The morning of December 9, 2009, began cool and clear. In Dorrigo, an Australian town about 300 miles north of Sydney, the pilot of a Bell 206L-1 LongRanger helicopter took off on his second flight of the day. The 29-year-old (officials did not release his name) was under contract with the New South Wales National Parks and Wildlife Service to aid crews fighting bushfires. Also aboard was Aaron Harber, a 41-year-old park ranger being ferried to Cathedral Rock National Park, where he would help battle a blaze.
At 11:20 a.m., a few minutes after takeoff, the pilot flew into a thick fog. He immediately lost all visual reference points. For a split second he glimpsed a ridgeline and a cluster of trees, then nothing. He knew he was perilously close to the ground—perhaps just 20 feet above it—but had no idea what direction he was traveling in. “This is not good,” he told Harber. “I’m going to try to land.” When the pilot yanked the cyclic to flare the chopper and slow its speed, there was a loud bang, and the LongRanger went into a flat spin. The main rotor snapped and sliced through the cockpit canopy just as the aircraft slammed into the ground. In the impact, Harber’s seatbelt shoulder harness was severed.
Harber died in the accident, but the pilot survived. With severe injuries to his head, chest, and back, he used his cell phone to call for help, but couldn’t tell rescuers where he was. It didn’t matter. Search teams were already en route, having been summoned by a tiny device called a Spider S2. Not much larger than a bagel, the $1,800 Spider, affixed to the Bell’s cockpit dash, had powered up automatically on takeoff and transmitted its whereabouts throughout the flight, in two-minute intervals, to a constellation of Iridium satellites, leaving a digital trail—“breadcrumbs”—that showed its latitude, longitude, altitude, airspeed, and bearing. Its flight data was stored on computer servers operated by New Zealand-based Spidertracks, the company that invented the Spider.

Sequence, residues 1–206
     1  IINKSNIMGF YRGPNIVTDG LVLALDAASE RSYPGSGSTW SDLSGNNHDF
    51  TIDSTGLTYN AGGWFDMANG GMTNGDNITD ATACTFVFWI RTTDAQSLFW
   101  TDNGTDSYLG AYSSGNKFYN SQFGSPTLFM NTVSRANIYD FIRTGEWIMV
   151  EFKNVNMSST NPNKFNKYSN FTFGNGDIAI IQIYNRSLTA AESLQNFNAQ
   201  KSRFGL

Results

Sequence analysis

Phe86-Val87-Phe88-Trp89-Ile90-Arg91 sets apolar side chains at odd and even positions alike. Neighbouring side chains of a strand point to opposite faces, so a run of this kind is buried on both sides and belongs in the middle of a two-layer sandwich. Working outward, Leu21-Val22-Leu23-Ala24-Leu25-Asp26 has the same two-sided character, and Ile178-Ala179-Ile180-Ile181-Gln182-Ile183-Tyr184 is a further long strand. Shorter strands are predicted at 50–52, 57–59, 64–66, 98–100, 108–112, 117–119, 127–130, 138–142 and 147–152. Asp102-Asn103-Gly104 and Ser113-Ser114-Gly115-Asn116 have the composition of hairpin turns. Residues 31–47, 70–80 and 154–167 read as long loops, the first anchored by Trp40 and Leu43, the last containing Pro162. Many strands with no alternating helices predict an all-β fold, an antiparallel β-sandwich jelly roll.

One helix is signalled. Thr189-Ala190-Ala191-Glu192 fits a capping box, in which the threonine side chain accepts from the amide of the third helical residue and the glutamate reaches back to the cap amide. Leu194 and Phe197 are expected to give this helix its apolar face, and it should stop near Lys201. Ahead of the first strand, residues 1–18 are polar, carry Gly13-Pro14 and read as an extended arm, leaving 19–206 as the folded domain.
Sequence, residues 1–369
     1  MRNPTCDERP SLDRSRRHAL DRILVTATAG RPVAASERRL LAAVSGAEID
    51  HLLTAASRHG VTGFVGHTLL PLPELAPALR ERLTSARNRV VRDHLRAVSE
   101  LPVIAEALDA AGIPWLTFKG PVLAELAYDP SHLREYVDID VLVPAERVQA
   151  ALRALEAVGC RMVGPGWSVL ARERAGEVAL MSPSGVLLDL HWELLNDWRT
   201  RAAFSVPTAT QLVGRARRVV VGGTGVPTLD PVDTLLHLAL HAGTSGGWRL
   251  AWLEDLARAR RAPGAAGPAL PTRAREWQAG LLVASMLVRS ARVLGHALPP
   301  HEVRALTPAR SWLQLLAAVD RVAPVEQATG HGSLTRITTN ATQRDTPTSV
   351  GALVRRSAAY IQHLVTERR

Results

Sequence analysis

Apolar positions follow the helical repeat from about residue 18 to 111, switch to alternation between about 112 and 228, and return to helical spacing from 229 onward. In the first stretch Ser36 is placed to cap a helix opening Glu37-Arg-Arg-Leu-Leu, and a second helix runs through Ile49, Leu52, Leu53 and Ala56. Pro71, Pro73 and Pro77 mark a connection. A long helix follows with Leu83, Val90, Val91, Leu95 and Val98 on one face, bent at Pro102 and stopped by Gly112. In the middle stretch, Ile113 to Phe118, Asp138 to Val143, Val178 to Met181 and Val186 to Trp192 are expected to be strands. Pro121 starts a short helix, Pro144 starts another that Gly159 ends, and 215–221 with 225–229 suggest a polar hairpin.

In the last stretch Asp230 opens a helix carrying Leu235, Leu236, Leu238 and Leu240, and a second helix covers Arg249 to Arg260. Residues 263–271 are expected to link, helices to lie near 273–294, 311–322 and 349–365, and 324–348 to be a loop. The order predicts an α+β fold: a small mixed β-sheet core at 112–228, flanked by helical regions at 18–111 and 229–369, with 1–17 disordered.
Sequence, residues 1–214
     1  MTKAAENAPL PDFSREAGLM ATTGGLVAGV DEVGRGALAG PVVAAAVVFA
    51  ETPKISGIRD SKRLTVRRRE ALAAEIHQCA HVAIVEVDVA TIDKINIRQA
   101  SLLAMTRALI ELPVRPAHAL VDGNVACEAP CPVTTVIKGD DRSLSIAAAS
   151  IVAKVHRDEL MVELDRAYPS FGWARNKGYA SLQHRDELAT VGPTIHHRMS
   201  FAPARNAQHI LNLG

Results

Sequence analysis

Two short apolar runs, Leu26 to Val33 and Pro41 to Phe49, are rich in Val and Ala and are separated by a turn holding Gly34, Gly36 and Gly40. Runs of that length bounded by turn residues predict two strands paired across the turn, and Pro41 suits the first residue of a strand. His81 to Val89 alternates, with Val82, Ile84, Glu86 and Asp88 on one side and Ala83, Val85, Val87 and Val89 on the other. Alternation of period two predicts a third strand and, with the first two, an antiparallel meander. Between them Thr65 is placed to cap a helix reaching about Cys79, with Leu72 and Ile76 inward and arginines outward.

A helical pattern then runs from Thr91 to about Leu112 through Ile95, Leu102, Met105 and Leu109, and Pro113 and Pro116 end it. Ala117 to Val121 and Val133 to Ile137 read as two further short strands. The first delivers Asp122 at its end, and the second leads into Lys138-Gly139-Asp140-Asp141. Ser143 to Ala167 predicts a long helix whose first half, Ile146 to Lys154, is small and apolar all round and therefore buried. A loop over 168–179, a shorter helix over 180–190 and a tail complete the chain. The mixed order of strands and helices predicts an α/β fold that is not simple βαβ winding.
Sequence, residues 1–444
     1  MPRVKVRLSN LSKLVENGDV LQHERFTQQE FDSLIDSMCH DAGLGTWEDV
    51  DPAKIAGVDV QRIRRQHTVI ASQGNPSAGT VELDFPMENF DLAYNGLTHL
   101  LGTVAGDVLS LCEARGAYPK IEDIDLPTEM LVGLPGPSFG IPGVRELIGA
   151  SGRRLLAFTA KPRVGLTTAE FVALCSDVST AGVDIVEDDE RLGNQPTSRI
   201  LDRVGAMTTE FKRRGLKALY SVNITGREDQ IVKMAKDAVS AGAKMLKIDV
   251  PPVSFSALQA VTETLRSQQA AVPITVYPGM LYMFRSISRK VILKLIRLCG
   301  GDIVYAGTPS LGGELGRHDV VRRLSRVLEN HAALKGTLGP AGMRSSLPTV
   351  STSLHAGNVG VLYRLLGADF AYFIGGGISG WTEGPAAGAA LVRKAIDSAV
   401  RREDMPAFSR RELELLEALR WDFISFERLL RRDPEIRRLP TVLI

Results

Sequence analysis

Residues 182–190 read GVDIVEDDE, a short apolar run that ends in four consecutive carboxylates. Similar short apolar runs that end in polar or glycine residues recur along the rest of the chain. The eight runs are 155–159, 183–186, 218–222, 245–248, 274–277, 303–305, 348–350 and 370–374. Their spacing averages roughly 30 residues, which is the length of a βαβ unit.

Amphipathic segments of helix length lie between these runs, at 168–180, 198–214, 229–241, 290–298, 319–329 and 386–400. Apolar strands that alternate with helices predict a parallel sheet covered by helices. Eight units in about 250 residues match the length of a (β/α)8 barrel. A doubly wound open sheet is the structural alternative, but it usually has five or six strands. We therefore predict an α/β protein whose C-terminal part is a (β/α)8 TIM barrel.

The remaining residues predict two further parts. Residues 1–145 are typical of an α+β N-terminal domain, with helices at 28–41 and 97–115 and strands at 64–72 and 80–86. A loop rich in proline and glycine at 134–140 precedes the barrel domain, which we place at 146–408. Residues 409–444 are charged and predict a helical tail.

When the device was destroyed in the Dorrigo crash, it stopped leaving breadcrumbs. The silence told the software on the Spidertracks servers to begin dispatching a series of e-mails and text messages to a list of emergency contacts compiled earlier. On the list was Mark Rogers, whose firm, Commercial Helicopters, owned the Bell 206. Rogers notified authorities, using the breadcrumb data to direct searchers to the exact location of the impact. Rescuers found the pilot in critical condition. He was airlifted to a hospital, and he eventually recovered.
The helicopter was also carrying an emergency locator transmitter, or ELT, which contains a G-switch (“G” for gravity). When it senses a hard impact, the G-switch transmits a distress signal. But ELTs rely on a sparse network of satellites that get crummy reception, and it took more than 90 minutes for the ELT to be heard and its position conveyed to monitoring stations on the ground. By that time, “the whole recovery operation was well under way,” Spidertracks co-founder and helicopter pilot Bruce Bartley says. The Spider’s early alert had likely saved the pilot’s life.
Adventurer-aviator Steve Fossett wasn’t so lucky when his Bellanca Super Decathlon plowed into a mountain near Mammoth Lakes, California, in September 2007 (see “Anatomy of a Search,” Feb./Mar. 2008). He carried an older-generation ELT, and if it sent distress signals, no one received them. More than a year later, searchers found his remains a half-mile from the crash site. The seat belts in the Bellanca had been unbuckled. Fossett appears to have survived the impact and staggered away from his airplane before he died. If he’d had a breadcrumb tracker, the distress calls, set in motion at almost the moment of the crash, might have alerted authorities in time to save him.